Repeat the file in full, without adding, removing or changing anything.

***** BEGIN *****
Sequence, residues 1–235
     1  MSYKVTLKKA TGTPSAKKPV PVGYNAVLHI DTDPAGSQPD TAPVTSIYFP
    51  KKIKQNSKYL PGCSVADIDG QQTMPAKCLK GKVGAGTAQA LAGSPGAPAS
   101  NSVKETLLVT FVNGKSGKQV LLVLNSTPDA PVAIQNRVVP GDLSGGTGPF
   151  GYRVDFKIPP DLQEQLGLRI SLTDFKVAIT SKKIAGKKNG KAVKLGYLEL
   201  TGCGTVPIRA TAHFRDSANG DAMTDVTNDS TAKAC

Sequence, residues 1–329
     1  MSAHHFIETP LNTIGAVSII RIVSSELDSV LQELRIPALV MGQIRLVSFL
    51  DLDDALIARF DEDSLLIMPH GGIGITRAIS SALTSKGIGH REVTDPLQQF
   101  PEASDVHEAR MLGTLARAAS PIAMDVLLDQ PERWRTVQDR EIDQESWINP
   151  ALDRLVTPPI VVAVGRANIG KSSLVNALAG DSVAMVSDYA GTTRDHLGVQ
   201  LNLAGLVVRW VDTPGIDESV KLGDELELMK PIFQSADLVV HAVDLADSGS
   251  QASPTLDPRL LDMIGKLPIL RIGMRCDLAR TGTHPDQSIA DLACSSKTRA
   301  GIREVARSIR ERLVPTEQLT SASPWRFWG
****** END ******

Sequence, residues 1–235
     1  MSYKVTLKKA TGTPSAKKPV PVGYNAVLHI DTDPAGSQPD TAPVTSIYFP
    51  KKIKQNSKYL PGCSVADIDG QQTMPAKCLK GKVGAGTAQA LAGSPGAPAS
   101  NSVKETLLVT FVNGKSGKQV LLVLNSTPDA PVAIQNRVVP GDLSGGTGPF
   151  GYRVDFKIPP DLQEQLGLRI SLTDFKVAIT SKKIAGKKNG KAVKLGYLEL
   201  TGCGTVPIRA TAHFRDSANG DAMTDVTNDS TAKAC

Sequence, residues 1–329
     1  MSAHHFIETP LNTIGAVSII RIVSSELDSV LQELRIPALV MGQIRLVSFL
    51  DLDDALIARF DEDSLLIMPH GGIGITRAIS SALTSKGIGH REVTDPLQQF
   101  PEASDVHEAR MLGTLARAAS PIAMDVLLDQ PERWRTVQDR EIDQESWINP
   151  ALDRLVTPPI VVAVGRANIG KSSLVNALAG DSVAMVSDYA GTTRDHLGVQ
   201  LNLAGLVVRW VDTPGIDESV KLGDELELMK PIFQSADLVV HAVDLADSGS
   251  QASPTLDPRL LDMIGKLPIL RIGMRCDLAR TGTHPDQSIA DLACSSKTRA
   301  GIREVARSIR ERLVPTEQLT SASPWRFWG